Extreme abortion amendment must be defeated as more abuses exposed6 July 2020 Issued by: Christian Concern
Ahead of radical amendments delivered by MPs today in parliament that could result in the UK having the most extreme abortion law in Europe, a mystery client study has proven that women can obtain and administer dangerous ‘DIY’ abortion pills in breach of healthcare regulations.
The study also reveals that abortion providers are supplying the pills beyond the gestational time limits which have been set to protect pregnant women’s health.
The research follows after the The Sun revealed on May 22 eight real life cases where women were beyond the ten-week limit.
Christian Concern commissioned a public health consultant to conduct a mystery client survey (a commonly used evaluation strategy) to explore aspects related to compliance, and patient safety and safeguarding arising from the provision of remote consultations under the abortion-at-home regulations.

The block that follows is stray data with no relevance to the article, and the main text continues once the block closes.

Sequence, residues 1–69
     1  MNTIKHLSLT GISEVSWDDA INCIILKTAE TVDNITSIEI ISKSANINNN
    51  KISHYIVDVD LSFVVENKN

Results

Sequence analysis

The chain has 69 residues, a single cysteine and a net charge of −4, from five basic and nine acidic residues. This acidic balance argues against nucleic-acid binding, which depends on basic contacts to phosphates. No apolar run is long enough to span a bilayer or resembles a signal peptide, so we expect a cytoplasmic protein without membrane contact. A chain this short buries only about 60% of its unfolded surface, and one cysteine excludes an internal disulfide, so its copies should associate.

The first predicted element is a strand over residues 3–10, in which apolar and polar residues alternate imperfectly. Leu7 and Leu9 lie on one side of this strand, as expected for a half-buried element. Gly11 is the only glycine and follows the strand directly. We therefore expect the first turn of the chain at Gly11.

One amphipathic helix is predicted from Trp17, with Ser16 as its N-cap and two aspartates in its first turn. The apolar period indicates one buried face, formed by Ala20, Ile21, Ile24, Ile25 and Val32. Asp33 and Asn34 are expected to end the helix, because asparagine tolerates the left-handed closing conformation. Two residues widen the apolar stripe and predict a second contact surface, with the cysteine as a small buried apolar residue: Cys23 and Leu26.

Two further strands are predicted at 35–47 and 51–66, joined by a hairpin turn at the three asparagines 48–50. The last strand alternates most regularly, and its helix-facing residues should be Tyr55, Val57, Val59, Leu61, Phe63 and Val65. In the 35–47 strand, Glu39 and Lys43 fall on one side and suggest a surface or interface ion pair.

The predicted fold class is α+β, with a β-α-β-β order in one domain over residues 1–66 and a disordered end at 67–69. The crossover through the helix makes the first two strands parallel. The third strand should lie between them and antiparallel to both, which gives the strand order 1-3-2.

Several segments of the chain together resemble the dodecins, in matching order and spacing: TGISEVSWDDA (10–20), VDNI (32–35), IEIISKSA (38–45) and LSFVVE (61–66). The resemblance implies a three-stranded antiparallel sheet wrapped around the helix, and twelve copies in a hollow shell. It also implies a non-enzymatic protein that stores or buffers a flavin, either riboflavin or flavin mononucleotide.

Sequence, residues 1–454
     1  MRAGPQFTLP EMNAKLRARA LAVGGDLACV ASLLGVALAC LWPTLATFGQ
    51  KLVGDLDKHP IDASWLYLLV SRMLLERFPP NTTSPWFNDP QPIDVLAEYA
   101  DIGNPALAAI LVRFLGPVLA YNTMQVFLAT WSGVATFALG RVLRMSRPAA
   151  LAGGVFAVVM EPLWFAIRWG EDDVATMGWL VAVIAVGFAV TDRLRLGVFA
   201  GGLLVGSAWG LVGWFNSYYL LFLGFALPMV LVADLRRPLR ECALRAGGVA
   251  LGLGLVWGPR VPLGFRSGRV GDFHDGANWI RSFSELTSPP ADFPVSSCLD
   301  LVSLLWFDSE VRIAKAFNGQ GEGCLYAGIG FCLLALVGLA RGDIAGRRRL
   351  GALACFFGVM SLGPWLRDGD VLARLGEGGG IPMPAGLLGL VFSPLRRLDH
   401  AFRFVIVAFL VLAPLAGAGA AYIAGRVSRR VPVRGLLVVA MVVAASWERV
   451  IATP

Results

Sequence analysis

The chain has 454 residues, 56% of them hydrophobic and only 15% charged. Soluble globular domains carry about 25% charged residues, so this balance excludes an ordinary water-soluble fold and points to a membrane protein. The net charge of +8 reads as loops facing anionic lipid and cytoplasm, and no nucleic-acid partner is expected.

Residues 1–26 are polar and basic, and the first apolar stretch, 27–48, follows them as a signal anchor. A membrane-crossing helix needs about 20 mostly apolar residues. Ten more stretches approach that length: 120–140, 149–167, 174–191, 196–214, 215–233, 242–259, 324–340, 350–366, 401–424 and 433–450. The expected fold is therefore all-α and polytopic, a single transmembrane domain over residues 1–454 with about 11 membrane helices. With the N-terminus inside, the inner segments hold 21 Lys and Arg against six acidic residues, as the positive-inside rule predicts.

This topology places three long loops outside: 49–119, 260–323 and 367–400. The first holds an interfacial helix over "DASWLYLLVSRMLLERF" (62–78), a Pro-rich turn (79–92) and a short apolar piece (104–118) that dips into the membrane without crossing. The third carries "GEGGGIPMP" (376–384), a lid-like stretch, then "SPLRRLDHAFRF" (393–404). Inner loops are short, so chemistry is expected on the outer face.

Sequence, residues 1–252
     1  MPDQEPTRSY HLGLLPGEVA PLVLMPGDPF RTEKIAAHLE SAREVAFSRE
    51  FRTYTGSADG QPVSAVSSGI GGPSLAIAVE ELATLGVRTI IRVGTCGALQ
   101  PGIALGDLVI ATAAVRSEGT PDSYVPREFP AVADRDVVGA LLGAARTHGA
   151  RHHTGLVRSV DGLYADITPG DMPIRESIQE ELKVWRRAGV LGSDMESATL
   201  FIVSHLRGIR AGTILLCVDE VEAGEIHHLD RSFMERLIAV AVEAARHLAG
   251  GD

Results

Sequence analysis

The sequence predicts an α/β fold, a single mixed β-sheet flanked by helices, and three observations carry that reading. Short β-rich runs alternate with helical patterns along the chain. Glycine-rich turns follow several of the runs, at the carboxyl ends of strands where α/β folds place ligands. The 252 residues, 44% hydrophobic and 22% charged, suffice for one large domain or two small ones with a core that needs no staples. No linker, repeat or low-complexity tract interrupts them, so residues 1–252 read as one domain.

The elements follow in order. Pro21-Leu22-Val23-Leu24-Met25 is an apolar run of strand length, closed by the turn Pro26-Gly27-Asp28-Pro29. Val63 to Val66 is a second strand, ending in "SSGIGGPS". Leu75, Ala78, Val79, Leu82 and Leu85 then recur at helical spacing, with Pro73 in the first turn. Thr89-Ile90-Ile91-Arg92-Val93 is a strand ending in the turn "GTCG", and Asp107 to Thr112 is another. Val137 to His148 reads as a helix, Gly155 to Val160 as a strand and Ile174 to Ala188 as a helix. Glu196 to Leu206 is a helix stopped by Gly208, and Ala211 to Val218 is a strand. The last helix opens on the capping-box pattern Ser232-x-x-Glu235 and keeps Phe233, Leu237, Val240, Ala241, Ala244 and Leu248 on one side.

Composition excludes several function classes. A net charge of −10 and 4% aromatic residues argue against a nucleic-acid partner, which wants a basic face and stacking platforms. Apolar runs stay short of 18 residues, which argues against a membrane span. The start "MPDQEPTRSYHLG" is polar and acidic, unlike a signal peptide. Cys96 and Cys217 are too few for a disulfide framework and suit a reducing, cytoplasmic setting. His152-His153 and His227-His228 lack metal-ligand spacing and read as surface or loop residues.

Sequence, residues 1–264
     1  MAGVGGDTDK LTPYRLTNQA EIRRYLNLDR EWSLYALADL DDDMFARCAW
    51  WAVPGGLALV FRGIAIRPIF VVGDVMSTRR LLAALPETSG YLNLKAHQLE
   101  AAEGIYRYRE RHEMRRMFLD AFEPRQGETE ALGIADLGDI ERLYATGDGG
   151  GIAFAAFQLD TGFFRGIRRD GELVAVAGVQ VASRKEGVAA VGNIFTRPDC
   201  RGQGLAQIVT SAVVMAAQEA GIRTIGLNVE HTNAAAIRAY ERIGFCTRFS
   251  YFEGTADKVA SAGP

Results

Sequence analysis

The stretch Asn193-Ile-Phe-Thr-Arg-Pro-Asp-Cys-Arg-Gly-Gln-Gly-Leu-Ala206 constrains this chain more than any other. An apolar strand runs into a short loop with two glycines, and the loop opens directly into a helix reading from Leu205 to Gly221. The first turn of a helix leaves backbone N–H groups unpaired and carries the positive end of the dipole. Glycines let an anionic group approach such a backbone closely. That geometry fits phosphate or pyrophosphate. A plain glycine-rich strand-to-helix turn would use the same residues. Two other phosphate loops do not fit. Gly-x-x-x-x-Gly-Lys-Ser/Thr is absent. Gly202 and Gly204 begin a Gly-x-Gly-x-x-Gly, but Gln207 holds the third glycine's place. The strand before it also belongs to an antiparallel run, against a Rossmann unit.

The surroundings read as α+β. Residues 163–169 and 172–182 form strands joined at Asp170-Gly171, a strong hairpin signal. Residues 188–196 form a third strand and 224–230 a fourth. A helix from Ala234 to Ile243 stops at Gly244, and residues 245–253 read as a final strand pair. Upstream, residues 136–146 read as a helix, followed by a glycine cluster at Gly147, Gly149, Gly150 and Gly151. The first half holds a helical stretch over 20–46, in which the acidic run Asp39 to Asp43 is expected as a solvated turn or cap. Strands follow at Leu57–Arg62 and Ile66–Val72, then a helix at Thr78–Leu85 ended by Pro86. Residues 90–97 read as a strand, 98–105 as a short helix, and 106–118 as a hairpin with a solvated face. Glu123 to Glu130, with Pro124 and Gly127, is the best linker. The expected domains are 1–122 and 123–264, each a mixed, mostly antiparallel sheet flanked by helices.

The volunteers made calls to abortion provider organisations, Marie Stopes and British Pregnancy Advisory Service (BPAS) presenting as women who were pregnant and seeking a termination of pregnancy. Volunteers, themselves, were non-pregnant women of reproductive age (between 18-45 years old) and men.
A ‘mystery client’ is a persona. In this instance someone pretending to be a client or customer who presents to a business to assess how well staff are adhering to company policy and guidelines as well as the laws of the land. All calls were audio recorded and full transcripts are available upon request.
Why Assessment of Gestational Age is critical
In accessing abortion pills by post getting the correct assessment of gestational age (GA) is critical for two reasons: 1) Abortion-at-home is only legal if GA is less than 9 weeks and six days on the day on which the mifepristone is self-administered 2) The effectiveness of medical abortion decreases as GA increases, along with an associated increase in side-effects and adverse events.
This is the BPAS website showing that one week of difference from less than 9 weeks to a GA of 9-10 weeks doubles the risk of an incomplete abortion; rising from 3% to 7%.
Given the importance of an accurate assessment of GA the mystery client exercise revealed that BPAS and Marie Stopes were willing to leave this assessment to the women requesting the abortion pills.